The milk which is used in Eagle Brand is fresh, pure, full cream milk from healthy cows. The cows are examined and the dairies carefully inspected at regular intervals. The condensaries are located near the dairies, which makes it possible to receive the raw milk in a perfectly fresh state.

The laboratory system maintained by the Borden Company insures milk of an even higher quality than that required under the government pure food laws. From each can of pure raw milk delivered to the plants, a sample is taken and immediately tested by experts to detect the slightest deviation from the required standards.

The milk, having passed the inspectors at the condensary, is put into heating-wells where it is subjected to a temperature of about 206°F by passing a jet of live steam through it. This degree of heat is held for about five minutes in the heating wells. The milk is then passed on to sugar wells where it is mixed with pure sugar which is added for the purpose of preserving. This mixture is then run into vacuum pans where it is held at a temperature of not more than 140°F for a period of from 1 to 1 1/2 hours, the temperature being gradually lowered until the batch is finished. By this process the growth-promoting properties of the milk are not lost, and the fresh milk and pure sugar are properly blended. The finished product is run through the cooling system, and then into the standard size cans as sold in stores. From the time the milk passes into the vacuum pan until it is sealed in the can every possible precaution is used to prevent contamination and oxidation.
To further insure the quality of this health food, sample cans of Eagle Brand Milk are taken from each batch and incubated for one week, or longer, at our home office laboratory, to determine whether there has been any bacterial growth since the first test made at the plant immediately after condensing. This final test is a check on all previous tests. Milk-born epidemics have never been traced in any way to Borden's Eagle Brand Condensed Milk. It is an absolutely safe milk supply. Clean milk kept clean--is the Borden Ideal.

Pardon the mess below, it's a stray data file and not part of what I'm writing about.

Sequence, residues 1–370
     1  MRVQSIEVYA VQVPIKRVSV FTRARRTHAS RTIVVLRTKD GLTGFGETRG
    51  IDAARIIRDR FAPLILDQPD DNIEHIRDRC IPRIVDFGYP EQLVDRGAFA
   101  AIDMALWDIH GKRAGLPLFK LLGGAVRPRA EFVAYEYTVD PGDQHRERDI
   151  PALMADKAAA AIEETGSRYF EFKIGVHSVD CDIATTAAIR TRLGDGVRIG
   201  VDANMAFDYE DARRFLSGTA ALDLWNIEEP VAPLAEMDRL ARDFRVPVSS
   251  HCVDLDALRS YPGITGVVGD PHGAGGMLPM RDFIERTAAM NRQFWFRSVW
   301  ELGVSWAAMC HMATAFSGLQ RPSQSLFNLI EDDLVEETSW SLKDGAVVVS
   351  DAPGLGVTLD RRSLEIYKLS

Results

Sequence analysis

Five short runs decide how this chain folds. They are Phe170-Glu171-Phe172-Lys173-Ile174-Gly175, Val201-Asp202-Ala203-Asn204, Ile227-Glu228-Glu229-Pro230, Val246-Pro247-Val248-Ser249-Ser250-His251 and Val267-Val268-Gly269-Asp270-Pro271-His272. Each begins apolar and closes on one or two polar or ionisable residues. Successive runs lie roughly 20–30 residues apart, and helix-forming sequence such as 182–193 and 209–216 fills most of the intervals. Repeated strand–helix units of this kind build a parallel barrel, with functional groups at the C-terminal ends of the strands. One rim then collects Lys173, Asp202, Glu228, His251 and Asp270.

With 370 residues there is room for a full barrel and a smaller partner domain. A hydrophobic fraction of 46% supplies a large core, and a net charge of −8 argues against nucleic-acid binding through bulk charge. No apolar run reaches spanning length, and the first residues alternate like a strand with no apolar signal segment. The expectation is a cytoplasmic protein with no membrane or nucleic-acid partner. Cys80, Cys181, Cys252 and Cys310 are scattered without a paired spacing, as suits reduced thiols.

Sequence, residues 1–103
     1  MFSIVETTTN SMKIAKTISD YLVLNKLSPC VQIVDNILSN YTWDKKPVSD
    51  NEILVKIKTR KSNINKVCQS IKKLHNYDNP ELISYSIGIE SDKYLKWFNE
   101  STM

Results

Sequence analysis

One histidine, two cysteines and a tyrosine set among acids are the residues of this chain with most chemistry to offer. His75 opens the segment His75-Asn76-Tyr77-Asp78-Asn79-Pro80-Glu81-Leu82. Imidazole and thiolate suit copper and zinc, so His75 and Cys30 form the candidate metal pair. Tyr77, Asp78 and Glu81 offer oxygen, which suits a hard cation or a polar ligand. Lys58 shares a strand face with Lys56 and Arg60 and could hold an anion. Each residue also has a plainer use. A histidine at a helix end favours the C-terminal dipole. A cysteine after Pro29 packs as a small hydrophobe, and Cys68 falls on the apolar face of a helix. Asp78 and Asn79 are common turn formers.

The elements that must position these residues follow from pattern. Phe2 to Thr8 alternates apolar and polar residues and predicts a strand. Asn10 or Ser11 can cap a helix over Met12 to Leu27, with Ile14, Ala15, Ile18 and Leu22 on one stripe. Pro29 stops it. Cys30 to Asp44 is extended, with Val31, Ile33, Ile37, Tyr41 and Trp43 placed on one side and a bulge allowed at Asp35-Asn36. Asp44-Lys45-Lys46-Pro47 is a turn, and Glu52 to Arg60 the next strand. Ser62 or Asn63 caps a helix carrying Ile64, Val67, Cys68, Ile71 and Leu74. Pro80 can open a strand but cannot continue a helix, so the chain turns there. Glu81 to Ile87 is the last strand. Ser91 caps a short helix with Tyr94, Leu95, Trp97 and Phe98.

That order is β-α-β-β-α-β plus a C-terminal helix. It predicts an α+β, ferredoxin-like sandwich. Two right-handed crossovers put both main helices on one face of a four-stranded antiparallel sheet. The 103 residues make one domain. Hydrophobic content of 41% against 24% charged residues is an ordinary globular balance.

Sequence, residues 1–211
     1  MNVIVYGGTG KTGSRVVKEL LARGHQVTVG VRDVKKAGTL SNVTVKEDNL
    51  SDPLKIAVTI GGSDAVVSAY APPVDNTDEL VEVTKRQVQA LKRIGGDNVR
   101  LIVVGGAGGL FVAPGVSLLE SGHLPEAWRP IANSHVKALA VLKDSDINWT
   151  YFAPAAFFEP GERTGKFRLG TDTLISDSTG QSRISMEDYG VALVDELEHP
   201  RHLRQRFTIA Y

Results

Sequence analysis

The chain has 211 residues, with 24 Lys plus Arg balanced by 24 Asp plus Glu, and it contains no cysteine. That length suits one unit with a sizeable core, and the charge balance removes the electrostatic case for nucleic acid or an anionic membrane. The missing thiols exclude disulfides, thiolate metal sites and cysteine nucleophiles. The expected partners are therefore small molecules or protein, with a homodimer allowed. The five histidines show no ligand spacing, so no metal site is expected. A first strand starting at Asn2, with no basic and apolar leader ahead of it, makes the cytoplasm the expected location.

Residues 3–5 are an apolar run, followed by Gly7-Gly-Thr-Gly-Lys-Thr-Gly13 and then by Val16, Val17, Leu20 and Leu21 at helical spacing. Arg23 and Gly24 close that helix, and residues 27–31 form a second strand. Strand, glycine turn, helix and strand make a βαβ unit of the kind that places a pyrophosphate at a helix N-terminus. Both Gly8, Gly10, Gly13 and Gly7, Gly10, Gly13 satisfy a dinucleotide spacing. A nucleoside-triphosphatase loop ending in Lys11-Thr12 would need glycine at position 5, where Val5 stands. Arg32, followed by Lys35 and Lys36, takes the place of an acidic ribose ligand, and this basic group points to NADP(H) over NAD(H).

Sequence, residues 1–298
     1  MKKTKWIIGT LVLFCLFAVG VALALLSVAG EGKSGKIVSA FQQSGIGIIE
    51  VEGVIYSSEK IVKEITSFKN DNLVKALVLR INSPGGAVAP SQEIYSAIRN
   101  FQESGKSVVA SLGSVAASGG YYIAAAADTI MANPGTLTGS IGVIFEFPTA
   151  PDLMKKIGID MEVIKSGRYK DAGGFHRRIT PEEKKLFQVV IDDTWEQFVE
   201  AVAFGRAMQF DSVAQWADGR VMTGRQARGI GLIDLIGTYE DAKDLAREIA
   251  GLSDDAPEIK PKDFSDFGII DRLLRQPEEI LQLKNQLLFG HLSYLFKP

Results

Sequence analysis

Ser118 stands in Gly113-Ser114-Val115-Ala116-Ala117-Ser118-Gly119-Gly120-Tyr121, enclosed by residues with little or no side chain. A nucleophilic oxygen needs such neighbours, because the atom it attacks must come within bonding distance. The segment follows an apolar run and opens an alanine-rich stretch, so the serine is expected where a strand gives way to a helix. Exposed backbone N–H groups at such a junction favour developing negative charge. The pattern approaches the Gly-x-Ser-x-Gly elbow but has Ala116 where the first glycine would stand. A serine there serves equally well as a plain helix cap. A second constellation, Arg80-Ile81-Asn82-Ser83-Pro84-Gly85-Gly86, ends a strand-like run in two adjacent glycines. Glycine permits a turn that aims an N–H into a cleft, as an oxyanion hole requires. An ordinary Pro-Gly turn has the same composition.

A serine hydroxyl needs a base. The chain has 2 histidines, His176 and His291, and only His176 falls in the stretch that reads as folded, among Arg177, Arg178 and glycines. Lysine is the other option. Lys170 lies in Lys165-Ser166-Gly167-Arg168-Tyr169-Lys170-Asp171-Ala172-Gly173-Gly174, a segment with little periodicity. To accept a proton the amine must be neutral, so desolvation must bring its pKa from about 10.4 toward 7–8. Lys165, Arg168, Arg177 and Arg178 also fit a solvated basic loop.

How to Care for Eagle Brand After Opening Can

It is safe to leave the milk in the original can. If you empty the can into some other container you must admit that it would be a great risk unless you feel sure that the container was as clean as the original can. The tin does not injure the quality of the milk after the can has been opened and exposed to the air. It is however, unsanitary and dangerous to expose any food, because of the dust, flies, etc., which carry disease germs, and even though you keep the opened can of Eagle Brand in a cupboard or ice box, we recommend that you cover the can tightly with an inverted cup or tumbler. By these means the contents of the opened cans will remain wholesome for a longer period than ordinarily would be taken for consumption.
Although this information comes from Borden's Eagle Brand Condensed Milk, it does not suggest that other Condensed Brands of Milk or worse. Since they all follow the same process, they are an equal with Borden.